Westminster has a larger rough-sleeping population than all Greater Manchester

In 2018, London had the highest rate of deaths of those who are homeless in all of the English regions

An estimated 800 homeless people died in the 18 months prior to March 2019 and the data shows that there is an increasing trend in the number of people sleeping rough in London.

The charity Homeless Link conducted a national survey in 2010 looking at homeless health:

73% of homeless people reported physical health problems

41% of homeless people reported a long-term physical health problem (compared to just 28% of the general population)

80% of respondents reported some form of mental health issue, 45% had been diagnosed with a mental health issue (25%)

39% said they take drugs or are recovering from a drug problem, while 27% have or are recovering from an alcohol problem (5%)

35% had been to A&E and 26% had been admitted to hospital over the past six months.

All these issues are exacerbated in winter

Healthcare challenges of people who are homeless

People who are homeless experience some of the worst health problems in society


times more likely to have tuberculosis


times more likely to have Hepatitis C


times more likely to have epilepsy


times more likely to have heart disease


times more likely to have a stroke


times more likely to have asthma

The longer a person experiences homelessness, particularly from young adulthood, the more likely their health and wellbeing will be at risk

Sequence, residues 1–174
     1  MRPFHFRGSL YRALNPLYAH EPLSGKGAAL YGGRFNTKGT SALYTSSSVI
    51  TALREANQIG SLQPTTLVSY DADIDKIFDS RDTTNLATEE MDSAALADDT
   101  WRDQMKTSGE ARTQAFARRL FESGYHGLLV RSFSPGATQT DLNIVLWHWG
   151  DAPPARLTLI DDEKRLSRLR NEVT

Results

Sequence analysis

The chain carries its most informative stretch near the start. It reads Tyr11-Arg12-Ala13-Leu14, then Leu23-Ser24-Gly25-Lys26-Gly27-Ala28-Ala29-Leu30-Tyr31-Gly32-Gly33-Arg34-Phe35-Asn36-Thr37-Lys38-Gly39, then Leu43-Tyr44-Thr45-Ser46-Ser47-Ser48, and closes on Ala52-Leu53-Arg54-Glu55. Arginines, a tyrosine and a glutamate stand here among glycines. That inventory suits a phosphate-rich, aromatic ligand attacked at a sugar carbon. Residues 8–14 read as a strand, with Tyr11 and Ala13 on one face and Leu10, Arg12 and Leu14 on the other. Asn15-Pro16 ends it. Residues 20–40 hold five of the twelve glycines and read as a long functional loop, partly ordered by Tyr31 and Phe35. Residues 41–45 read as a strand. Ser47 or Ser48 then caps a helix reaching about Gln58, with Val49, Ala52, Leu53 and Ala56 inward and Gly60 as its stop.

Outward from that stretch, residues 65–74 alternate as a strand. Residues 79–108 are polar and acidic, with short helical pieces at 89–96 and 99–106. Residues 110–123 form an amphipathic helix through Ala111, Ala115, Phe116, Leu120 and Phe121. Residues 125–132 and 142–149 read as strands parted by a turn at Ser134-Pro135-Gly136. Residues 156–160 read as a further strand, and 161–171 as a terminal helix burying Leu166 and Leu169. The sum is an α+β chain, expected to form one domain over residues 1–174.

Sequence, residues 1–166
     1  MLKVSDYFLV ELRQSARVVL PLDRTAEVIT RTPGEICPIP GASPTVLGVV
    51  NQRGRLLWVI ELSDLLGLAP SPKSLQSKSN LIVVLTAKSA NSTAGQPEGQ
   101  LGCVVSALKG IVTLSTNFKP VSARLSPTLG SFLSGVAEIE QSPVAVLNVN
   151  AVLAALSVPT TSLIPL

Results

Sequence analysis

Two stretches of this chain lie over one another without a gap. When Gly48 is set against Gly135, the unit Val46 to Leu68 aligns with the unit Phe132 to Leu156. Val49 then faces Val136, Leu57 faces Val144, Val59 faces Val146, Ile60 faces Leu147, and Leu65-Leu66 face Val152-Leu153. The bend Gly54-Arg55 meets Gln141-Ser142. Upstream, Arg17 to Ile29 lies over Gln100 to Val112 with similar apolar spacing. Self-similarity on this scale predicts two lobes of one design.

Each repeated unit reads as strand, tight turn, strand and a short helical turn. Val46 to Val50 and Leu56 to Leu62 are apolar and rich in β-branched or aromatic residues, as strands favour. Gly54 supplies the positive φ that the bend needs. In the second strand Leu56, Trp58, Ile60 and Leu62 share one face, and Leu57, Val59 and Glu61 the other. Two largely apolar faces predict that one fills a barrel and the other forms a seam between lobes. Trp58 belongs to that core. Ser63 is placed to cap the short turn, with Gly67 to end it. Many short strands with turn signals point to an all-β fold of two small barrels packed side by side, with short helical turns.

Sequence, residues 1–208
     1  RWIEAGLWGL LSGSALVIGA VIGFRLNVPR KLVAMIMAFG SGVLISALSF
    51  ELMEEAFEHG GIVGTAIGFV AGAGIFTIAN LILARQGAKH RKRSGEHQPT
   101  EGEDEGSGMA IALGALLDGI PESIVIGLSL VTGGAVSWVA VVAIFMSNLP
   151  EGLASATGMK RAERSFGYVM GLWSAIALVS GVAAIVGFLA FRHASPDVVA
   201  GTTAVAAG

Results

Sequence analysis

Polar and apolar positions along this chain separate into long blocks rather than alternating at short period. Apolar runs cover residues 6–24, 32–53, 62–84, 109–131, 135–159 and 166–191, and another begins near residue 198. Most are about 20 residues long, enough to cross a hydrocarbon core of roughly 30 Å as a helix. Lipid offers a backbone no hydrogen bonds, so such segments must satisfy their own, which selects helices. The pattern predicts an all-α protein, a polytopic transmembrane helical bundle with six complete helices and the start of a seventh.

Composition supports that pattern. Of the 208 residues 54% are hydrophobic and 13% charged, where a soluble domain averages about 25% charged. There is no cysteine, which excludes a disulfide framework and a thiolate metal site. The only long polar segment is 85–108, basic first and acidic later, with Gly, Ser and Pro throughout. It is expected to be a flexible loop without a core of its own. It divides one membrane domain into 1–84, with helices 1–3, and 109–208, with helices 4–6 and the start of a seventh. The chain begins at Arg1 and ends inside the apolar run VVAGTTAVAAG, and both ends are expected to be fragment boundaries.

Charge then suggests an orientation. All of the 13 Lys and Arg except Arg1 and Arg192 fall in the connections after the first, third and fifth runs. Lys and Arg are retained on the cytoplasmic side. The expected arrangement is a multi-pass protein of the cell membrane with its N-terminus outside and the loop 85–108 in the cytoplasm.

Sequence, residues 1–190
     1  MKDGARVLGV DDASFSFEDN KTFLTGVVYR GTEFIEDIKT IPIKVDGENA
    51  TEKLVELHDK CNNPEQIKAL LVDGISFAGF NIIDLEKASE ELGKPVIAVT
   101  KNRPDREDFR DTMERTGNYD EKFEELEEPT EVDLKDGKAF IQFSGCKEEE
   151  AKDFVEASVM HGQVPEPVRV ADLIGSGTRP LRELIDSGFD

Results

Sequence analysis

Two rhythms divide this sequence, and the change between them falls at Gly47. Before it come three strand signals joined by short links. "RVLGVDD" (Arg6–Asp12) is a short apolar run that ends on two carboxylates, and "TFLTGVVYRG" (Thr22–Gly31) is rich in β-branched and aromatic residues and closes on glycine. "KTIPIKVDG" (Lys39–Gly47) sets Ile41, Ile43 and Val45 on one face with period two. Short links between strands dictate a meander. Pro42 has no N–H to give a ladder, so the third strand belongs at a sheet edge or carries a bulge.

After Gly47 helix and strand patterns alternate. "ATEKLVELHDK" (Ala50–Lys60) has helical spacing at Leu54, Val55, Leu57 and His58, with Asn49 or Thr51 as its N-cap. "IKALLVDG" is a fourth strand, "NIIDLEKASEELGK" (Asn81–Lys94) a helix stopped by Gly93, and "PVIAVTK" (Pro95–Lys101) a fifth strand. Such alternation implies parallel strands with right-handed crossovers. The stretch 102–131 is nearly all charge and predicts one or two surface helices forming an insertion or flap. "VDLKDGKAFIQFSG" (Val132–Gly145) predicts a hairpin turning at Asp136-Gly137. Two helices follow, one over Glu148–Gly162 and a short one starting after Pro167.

Co-morbidity (two or more diseases or disorders occurring in the same person) among the longer-term homeless population is common.

Data courtesy of Pathway

Why we developed the Homeless Pathway

Most charitable work around rough sleeping and homelessness centres on social welfare, so a step-down service from acute hospital care for respite, recovery and palliative care is much-needed.

In 2012, it was reported that 70% of homeless patients were being discharged from hospital back onto the street, without housing or underlying health problems being addressed.

This is further damaging their health and increasing costs to the NHS through ‘revolving door’ admissions.

The number of people who are homeless being treated in hospitals is not accurately known, nor is the number ‘discharged to the street’